Home Letters Selection of Law Reform Commission members – an opportunity for progressive...
The Law Reform Commission (Amendment) Bill approved by Parliament on Thursday, February 12, amended the selection procedure for members of the Commission. While the Guyana Human Rights Association (GHRA) welcomes the purpose of the amendment, namely, to ensure a broad-based selection procedure for members of the Commission that goes well beyond its traditional monopoly by the legal community, the modernising spirit, however, is endangered by proposed rules of selection that will frustrate the diversity and momentum being sought.
This problem is not peculiar to the Law Reform Commission. Selection procedures for statutory bodies in general are obsolete, contributing to their being largely ineffective as progressive governance mechanisms. The fundamental defect in the selection process traditionally has been the practice of Governments appointing individuals to national Boards, Commissions and Directorships, without a clear rationale to justified selection. Without such rules or guiding principles, selection for State Boards is vulnerable to the practice of rewarding supporters.
The current process largely mirrors the selection of MPs from party lists, rendering the chosen as accountable only to the leader who selected them rather than the people who they supposedly represent, thereby frustrating the diverse civic energies these bodies are intended to mobilise.
The amended Law Reform Act provides an opportunity to move decisively away from this feeble governance tradition by identifying diverse sectors from which members should be selected. In addition to “organisations that appear to represent the legal profession”, the Act identifies the Private Sector, trade unions, religious organisations and – included during the parliamentary debate – Indigenous peoples.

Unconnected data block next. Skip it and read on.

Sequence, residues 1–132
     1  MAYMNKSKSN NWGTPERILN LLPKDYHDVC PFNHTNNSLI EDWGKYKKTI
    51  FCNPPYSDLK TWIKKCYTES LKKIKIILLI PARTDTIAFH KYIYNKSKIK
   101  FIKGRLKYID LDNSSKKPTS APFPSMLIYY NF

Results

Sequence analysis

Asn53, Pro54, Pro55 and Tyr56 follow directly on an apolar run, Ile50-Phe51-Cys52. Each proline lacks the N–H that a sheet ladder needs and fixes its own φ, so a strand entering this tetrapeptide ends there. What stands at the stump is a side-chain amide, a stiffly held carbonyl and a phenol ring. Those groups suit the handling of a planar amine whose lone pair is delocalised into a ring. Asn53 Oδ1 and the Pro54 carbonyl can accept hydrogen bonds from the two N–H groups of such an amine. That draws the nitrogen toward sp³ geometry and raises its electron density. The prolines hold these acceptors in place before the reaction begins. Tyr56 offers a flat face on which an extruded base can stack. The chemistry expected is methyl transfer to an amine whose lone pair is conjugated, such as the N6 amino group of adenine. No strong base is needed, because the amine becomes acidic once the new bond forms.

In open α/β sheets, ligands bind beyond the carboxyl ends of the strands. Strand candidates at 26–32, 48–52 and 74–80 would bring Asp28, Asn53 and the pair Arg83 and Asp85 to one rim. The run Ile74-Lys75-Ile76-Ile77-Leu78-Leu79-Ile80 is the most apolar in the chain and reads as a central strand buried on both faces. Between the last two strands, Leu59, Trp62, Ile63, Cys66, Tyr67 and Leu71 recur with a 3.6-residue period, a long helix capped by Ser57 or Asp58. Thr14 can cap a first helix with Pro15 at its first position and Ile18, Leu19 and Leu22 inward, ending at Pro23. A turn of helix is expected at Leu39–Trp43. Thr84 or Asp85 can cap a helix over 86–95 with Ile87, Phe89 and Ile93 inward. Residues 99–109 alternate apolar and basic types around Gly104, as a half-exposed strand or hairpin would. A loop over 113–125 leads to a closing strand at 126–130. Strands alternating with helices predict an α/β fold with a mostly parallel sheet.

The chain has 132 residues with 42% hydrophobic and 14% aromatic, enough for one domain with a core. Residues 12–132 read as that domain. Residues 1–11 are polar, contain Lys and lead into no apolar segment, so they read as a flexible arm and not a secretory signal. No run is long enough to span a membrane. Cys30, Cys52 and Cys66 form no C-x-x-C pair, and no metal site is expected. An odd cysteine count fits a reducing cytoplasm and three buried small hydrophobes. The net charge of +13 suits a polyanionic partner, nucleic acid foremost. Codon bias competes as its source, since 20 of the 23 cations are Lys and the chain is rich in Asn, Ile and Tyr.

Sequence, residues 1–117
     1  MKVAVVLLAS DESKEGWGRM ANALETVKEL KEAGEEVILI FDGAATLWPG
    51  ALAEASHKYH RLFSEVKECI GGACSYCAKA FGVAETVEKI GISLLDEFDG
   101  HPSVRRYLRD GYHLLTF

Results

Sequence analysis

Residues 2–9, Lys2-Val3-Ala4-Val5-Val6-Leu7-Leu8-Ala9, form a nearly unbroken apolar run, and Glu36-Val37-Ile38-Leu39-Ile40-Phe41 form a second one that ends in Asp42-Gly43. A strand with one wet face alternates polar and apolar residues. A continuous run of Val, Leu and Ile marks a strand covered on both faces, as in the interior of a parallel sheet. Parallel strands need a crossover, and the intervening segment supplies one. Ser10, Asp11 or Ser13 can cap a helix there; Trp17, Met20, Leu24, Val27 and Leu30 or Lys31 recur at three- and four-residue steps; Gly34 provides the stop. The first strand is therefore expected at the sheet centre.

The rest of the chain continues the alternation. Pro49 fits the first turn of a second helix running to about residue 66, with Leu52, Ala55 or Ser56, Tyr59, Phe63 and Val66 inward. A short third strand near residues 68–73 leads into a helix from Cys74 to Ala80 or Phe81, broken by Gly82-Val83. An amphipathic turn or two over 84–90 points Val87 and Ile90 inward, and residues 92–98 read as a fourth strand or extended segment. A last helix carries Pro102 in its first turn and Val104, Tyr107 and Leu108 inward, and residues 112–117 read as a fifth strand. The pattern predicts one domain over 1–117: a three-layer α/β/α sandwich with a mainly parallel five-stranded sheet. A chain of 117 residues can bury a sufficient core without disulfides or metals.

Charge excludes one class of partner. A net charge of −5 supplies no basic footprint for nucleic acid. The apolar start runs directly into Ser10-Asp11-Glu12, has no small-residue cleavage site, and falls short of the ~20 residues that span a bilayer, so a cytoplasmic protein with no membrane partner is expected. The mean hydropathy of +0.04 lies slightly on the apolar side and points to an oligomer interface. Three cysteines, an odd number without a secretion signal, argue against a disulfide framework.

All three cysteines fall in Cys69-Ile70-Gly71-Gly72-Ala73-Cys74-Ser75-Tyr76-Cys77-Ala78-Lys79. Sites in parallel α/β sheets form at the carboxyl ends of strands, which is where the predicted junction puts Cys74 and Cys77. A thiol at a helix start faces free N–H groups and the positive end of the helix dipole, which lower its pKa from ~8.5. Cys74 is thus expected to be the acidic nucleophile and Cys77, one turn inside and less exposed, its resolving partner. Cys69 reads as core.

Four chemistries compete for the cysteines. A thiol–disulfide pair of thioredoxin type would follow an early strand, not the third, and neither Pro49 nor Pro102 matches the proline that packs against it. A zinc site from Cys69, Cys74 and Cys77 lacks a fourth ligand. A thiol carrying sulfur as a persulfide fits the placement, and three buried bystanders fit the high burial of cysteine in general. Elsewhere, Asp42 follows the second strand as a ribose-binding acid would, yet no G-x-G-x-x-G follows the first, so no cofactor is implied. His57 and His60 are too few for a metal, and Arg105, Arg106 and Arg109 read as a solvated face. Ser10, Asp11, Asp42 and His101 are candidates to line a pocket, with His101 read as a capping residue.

As indicated earlier, while the aspiration should be welcomed, the key to ensuring its efficacy lies in the criteria for selection. In this regard, the new Act regurgitates procedures which should have been left in the dust long ago. The requirement that members – from outside the legal profession – should have ten years of experience in “banking, commerce or other fields” seems arbitrary. Nor are there criteria for gender, age, or geographic balance.
In fairness to the Attorney General’s Chambers, developing a procedure for selection of participants outside of the legal realm is largely unchartered territory and an issue across all Commissions and Boards. This challenge will appear with increased frequency as the pressure is increasing to progressively involve the civil and business sectors in decision-making processes of the State.
Rather than attempt to either resolve this in isolation for the Law Reform Commission, the Attorney General and Ministry of Governance might want to seize this opportunity to review the whole issue, particularly in light of the fact that similar challenges are down the road in relation to electoral and constitutional reform.
Specialised sub-committees, allowed for by the revised law, provide potential channels to accommodate an ambitious programme of reform without the need to overload the Commission itself.
A suggested first step might be for the Minister to determine the sectors to be allocated places on the Commission taking into consideration the reform agenda to be addressed by the Commission and the interest in those sectors in having a place on the Commission. Secondly, put the onus on the designated sectors to devise and propose to the Minister what a fair, efficient and time-bound selection process might look like. Thirdly, following Ministerial approval of selection processes, each sector then implements its selection.
In addition to ensuring the process is inclusive within each sector, personal criteria applicable to all candidates should be devised, to ensure integrity, competence and willingness to devote the time required.